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Graduate student experiments, discovers poetry in chemistry

Mala Radhakrishnan
Mala Radhakrishnan

Chemistry may be Mala Radhakrishnan's first love, but she more recently found another: writing poetry. A former high school chemistry teacher who used storytelling in her lessons, Radhakrishnan is currently pursuing her Ph.D. in physical chemistry at MIT. Radhakrishnan has compiled her earliest poems into a collection titled, "Chemistry for the Couch Potato" and is working on a larger book composed entirely of chemistry poetry. She says it's intended for students and teachers in high school and college chemistry classrooms as well as anyone who loves science.

Radhakrishnan will be one of a dozen area poets included in "Dr. Brown's Traveling Poetry Show," which will take place on Tuesdays at the Zeitgeist Gallery starting next week.

Lynn Heinemann of the Office of the Arts recently asked Radhakrishnan about her poetry.

Q. How did you start writing "chemistry poetry"?

A. I taught chemical concepts to my high schoolers by using stories and analogies that personified the atoms and molecules--that's how I think about chemistry, and they seemed to understand the material better. After I came to MIT, I started frequenting the Cantab Lounge on poetry night and was inspired to write poetry. An obvious thing for me to write about, since I like it so much, was chemistry. So I essentially began putting the stories I used into poetic form.

Q. Did your interest in words develop at the same time as that in science?

A. I never in a million years thought I'd be writing poetry and that people would actually want to listen to it. I've always liked science. Poetry is something I only recently got into. But now, I'm quite hooked!

Q. How does your work at MIT inspire your poetry?

A. It constantly gives me new ideas for poems. For example, if I am suddenly working on a project involving a specific chemical process that I think is neat, I'll write a poem about it.

Q. What prompted your career change from teaching?

A. I knew I wanted to go as far as I could in science, educationally. It was out of an old-fashioned love of science. So I figured I would return to get my Ph.D. sooner rather than later. But it was difficult to pull myself away from teaching through Teach for America--I loved it! I would like to have a career that ultimately combines teaching (especially high school level), creativity, working with people, and being able to somehow involve myself in cutting-edge research to some extent. I don't know if such a career exists now, but perhaps that's where the "creativity" part comes in.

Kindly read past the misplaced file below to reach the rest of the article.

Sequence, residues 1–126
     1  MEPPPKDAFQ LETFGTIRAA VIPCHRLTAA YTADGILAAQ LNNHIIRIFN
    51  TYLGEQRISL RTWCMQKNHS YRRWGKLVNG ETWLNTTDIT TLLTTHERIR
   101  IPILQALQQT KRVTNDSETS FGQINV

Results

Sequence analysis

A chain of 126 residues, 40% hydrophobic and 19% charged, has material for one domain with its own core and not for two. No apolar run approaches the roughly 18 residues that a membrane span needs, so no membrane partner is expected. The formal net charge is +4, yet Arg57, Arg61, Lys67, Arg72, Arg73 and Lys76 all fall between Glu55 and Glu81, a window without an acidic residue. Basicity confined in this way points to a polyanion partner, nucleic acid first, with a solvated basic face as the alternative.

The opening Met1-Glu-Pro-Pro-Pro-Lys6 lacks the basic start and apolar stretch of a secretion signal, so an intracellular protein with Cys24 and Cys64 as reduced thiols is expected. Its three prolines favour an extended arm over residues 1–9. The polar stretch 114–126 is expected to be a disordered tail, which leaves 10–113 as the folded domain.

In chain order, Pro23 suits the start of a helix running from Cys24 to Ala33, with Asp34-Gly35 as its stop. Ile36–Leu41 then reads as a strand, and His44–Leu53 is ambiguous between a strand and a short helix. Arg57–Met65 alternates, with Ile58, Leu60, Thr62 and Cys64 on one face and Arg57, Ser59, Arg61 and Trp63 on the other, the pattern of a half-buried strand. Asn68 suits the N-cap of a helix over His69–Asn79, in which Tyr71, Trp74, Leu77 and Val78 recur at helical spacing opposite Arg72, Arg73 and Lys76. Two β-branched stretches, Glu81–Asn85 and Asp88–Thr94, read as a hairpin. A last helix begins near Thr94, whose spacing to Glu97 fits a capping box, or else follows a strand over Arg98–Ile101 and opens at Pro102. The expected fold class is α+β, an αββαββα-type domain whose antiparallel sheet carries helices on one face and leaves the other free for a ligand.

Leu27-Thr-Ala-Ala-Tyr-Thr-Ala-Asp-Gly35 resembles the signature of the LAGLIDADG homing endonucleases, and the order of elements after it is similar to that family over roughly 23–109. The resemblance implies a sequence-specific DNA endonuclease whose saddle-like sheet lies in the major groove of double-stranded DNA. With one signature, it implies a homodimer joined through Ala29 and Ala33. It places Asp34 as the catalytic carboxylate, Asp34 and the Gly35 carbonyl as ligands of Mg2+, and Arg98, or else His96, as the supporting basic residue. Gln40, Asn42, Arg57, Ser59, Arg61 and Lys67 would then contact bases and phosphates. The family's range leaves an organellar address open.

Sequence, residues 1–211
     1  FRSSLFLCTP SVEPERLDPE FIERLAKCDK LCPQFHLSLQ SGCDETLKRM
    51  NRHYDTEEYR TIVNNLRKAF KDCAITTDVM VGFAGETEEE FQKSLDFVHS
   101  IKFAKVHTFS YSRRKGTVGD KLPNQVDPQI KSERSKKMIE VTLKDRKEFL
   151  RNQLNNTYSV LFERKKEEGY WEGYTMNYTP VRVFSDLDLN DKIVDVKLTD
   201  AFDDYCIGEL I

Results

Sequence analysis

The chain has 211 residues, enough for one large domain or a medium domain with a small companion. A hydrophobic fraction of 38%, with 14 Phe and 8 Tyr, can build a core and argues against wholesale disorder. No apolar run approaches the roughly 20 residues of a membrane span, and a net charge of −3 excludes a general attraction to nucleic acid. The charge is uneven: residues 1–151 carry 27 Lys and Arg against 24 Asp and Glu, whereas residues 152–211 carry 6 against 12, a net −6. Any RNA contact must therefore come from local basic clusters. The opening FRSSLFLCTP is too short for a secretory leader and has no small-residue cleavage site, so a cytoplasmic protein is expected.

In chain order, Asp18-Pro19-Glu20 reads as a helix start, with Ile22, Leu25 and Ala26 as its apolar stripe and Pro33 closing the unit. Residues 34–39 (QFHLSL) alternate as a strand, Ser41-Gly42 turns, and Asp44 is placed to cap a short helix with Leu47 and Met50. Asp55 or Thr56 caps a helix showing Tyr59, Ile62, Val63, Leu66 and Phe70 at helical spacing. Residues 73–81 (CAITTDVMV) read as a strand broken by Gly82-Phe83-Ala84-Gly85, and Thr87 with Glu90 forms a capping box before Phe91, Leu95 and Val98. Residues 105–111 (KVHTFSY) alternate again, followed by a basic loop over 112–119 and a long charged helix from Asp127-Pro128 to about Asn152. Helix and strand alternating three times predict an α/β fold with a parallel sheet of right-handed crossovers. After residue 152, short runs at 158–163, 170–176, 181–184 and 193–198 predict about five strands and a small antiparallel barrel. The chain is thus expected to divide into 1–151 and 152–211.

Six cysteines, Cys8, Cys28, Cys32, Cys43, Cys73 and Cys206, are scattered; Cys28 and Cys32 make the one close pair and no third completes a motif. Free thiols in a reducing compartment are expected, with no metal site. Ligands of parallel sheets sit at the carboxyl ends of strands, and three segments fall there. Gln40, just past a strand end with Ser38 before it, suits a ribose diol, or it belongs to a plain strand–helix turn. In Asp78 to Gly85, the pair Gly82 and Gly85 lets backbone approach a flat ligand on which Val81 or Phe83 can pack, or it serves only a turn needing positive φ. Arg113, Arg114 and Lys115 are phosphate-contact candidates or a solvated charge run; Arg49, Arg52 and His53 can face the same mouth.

"Dr. Brown's Traveling Poetry Show" opens Tuesday, April 5, at 7:30 p.m. at the Zeitgeist Gallery, 1353 Cambridge St., Cambridge.

The Radioactive Dating Game

By Mala L. Radhakrishnan

I used to sleep 'til my electrons would drool
At P-32 element-ary school.
The things we were taught were just totally boring.
A mole of us atoms would always be snoring.

But one thing I learned there I've kept to this day:
"Soon, my students you'll beta decay
To become more mature and to capture the label
Of "S-32", and then you'll be stable.

And when that time comes you will celebrate
'Cause you will be ready to graduate.
So look around now, and count every peer.
Today there's a mole, but you'll soon disappear."

So I watched as my friends around me decayed.
I felt left behind, slow and dismayed.
Abandoned by those who were thought to be deft.
In two weeks there was but half us of left.

Meanwhile I'd hoped to impress my young lass
But was now in the bottom half of the class.
I spent all my class time planning to court her,
But remained, two weeks more, in the leftover quarter.

By two weeks more yet, and I still hadn't parted.
Now six weeks had passed since this challenge first started.
What was my problem? I kept losing faith.
The fraction of atoms left was one-eighth.

Another two weeks and my hope for love waned.
One sixteenth of a mole of us atoms remained.
My lass had now probably found a new mate.
By the time I escaped here, it would be too late.

So I studied the past eight weeks with great courage.
And suddenly a pattern started to emerge.
I realized, from evidence existential
That the decay of the class size was exponential.

See, every time two weeks came and then went,
The class size went down by fifty percent.
'Twas one mole times e to the minus kt,
Where k was ln 2 over 2 weeks, you see.

And "t" was the time in units of weeks
Since the teacher that lesson one fine day did speak.
This equation did serve as a useful tool;
I could predict, at time t, the number in school.

But then it happened - I had my decay!
I was S-32, and I liked it that way.
Success carried with it the sweetest aroma,
My electrons excited as I got my diploma,

Which oddly contained a most curious addition.
It read: "You've earned honors and recognition
For insightfully doing the mental athletics
Of uncovering the inherent first-order kinetics."

When my love saw this honor she screamed out loud,
"Oh, my brilliant darling, of you I'm so proud!
Your wit has won over my heart in a snap.
Let's let our orbitals overlap!"

So the one thing I learned from that school, 'twas the worst,
Is 'tis not about who's quick or who finishes first.
Everyone matures at different rates.
(But those who know learn chemistry will always get dates!)

A version of this article appeared in MIT Tech Talk on March 30, 2005 (download PDF).

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